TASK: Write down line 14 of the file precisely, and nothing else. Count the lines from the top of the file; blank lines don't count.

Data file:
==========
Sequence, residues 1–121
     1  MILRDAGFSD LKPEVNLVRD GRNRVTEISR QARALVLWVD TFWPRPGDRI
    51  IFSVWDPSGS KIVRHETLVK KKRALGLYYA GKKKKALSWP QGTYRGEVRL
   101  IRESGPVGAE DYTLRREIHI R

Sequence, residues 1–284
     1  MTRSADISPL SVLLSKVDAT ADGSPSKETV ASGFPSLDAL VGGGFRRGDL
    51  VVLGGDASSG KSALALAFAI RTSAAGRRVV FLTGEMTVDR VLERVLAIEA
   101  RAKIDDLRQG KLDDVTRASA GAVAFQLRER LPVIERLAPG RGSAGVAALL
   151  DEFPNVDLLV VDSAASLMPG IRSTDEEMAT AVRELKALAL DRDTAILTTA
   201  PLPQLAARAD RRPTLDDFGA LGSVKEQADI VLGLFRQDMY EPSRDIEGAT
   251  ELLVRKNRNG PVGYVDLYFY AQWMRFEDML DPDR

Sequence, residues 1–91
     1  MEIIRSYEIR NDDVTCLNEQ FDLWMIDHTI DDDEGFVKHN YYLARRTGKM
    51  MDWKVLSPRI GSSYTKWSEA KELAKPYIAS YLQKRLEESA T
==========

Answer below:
    51  MDWKVLSPRI GSSYTKWSEA KELAKPYIAS YLQKRLEESA T